10. General Electric
> Total employees: 305,000
> Industry: Conglomerate
> 1-yr. stock price change: +13.0%
General Electric Co. (NYSE: GE) is one of the few U.S.-based public companies that employed more than 300,000 full and part-time workers. Of these employees, the company noted, roughly 134,000 worked in the United States. If not for its shedding of NBC Universal, these figures would have been higher. GE’s former subsidiary, now owned by Comcast, had 14,000 employees as of 2010. GE has long been a major source of technological innovation, from incandescent lighting to the refrigerator and the jet engine. The company is pushing heavily into software and plans to hire thousands of engineers to improve the software capabilities of its machinery.
> Total employees: 331,800
> Industry: Technology
> 1-yr. stock price change: +32.4%
Hewlett-Packard Co. (NYSE: HPQ) had 331,800 workers worldwide as of last October. The company, however, is in the midst of massive job cuts. In May 2012, HP announced it would cut 29,000 employees by fiscal 2014, both through voluntary retirement and job cuts. As of March, the company still had 15,000 more jobs that needed to be cut to reach these goals, according to ComputerWorld. In late 2012, the company also wrote down its Autonomy acquisition by $8.8 billion after it was determined Autonomy had lied about its finances.
8. Home Depot
> Total employees: 340,000
> Industry: Home improvement
> 1-yr. stock price change: +31.0%
As of February, Home Depot Inc. (NYSE: HD) employed roughly 340,000 people. Of these, however, just 21,000 were salaried, with the vast majority working either hourly or only on a temporary basis. The company is active throughout North America, but it is mostly located in the United States. The home improvement retailer had just under 2,000 stores in the U.S., 180 in Canada and 100 in Mexico. After his appointment in 2007, current CEO Frank Blake removed previous pay limits so the company could hire knowledgeable specialists. He also improved employee benefits as part of his efforts to produce better customer service.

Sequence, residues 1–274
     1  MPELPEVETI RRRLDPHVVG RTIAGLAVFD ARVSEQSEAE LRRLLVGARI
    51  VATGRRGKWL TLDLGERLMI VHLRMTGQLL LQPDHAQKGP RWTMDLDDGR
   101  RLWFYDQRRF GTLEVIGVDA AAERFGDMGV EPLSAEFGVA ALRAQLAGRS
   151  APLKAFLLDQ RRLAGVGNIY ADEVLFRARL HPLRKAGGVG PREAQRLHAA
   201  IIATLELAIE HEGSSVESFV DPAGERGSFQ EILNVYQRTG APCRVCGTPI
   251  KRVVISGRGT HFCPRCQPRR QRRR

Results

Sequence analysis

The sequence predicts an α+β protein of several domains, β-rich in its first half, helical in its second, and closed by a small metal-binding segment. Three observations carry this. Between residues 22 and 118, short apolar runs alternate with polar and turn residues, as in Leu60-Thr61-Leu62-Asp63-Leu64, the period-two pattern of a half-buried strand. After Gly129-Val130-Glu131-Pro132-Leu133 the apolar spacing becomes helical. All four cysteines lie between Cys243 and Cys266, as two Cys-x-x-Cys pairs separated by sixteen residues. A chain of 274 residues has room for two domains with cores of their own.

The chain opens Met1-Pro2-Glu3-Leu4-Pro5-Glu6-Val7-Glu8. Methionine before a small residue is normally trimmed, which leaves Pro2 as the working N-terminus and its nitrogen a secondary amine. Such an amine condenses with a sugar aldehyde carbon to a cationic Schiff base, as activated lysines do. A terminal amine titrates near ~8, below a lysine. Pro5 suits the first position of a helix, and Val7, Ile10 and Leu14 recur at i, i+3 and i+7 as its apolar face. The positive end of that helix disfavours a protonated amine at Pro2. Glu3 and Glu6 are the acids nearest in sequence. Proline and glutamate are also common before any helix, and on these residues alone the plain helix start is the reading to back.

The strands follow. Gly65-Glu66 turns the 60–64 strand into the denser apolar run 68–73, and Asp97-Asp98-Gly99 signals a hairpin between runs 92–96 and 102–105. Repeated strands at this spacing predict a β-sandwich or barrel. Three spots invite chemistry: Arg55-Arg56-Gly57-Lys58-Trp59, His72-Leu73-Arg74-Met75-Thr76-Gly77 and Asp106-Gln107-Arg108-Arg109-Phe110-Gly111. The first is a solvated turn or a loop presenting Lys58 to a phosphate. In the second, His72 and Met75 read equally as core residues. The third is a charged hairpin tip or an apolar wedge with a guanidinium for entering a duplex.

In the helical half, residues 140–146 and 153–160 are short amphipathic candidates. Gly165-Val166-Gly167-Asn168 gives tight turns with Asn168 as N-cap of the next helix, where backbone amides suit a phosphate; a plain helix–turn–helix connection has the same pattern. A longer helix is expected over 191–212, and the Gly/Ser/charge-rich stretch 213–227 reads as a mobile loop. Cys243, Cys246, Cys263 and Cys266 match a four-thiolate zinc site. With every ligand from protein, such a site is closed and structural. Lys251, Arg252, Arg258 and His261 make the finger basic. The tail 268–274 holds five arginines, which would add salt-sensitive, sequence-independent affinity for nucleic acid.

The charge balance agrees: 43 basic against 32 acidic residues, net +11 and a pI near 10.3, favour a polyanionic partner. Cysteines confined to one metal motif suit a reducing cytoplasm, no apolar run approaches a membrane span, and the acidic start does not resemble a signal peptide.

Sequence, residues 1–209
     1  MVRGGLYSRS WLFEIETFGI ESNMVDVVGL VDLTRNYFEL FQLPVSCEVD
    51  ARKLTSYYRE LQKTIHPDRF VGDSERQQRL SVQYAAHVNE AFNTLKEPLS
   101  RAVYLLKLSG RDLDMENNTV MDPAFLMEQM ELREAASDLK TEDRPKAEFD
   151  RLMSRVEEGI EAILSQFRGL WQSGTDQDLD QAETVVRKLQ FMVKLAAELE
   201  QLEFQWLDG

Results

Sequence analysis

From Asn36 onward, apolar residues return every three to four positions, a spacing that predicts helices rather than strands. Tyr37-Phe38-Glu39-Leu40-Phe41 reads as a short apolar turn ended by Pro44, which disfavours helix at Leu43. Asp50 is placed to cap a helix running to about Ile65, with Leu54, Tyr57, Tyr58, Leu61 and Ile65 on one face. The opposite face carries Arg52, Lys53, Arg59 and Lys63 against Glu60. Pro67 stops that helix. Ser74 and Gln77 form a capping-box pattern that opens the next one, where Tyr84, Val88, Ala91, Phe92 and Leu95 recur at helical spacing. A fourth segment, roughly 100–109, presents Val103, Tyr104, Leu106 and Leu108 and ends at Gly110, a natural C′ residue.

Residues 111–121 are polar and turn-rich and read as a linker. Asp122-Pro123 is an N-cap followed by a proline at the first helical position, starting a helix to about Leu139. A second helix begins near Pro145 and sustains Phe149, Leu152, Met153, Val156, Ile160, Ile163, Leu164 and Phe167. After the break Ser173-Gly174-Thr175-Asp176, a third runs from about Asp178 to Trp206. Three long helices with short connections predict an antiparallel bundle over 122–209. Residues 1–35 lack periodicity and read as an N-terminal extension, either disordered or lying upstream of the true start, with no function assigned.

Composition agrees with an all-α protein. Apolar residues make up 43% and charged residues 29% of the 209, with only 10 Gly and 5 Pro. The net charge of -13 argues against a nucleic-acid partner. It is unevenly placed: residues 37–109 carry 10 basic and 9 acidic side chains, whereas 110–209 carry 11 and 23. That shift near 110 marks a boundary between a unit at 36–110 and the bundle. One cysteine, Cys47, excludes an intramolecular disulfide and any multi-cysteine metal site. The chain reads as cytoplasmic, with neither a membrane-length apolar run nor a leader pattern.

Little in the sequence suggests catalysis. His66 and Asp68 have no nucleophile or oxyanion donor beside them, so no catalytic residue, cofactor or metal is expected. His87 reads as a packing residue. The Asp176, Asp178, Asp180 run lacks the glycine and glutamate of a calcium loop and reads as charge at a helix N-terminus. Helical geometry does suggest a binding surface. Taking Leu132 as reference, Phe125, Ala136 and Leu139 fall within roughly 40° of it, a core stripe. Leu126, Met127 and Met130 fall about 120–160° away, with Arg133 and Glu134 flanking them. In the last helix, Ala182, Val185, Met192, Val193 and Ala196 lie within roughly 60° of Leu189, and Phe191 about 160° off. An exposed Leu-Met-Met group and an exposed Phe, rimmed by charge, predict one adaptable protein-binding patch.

> Total employees: 343,000
> Industry: Grocery stores
> 1-yr. stock price change: +71.5%
Kroger Co. (NYSE: KR) employed roughly 343,000 full-time and part-time workers as of February. The majority of Kroger employees “are covered by collective bargaining agreements negotiated with local unions affiliated with one of several different international unions,” according to the company. The company’s track record of working with unions has earned it accolades over the years. In 2011, it acquired several Schnucks grocery stores in the Memphis area. One local official noted, “Kroger is a very good, pro-labor, pro-union chain, … if it has to be bought up by somebody, I’m glad its them.” In July, Kroger announced it was buying supermarket chain Harris Teeter, although its new acquisition is expected to stay union-free.
> Total employees: 361,000
> Industry: Retail
> 1-yr. stock price change: +5.9%
Target Corp. (NYSE: TGT) employed 361,000 full-time, part-time and seasonal, workers as of February 2013. Like many retailers, however, Target’s hiring swells during the holiday season. Between Thanksgiving and the end of the year, Target had approximately 409,000 workers. Most, if not nearly all, of these workers were likely employed in the United States. Target has no presence outside of the U.S. and Canada, and it only began operating stores in Canada in March 2013. Target has been criticized in recent years for its opposition to unions. In June 2011, one executive told The Wall Street Journal that “it has always been our goal to have a culture where our team members don’t want or need union representation.” Earlier that month, Gawker Media had released an internal video, apparently shown to new Target employees, that discouraged them from joining unions.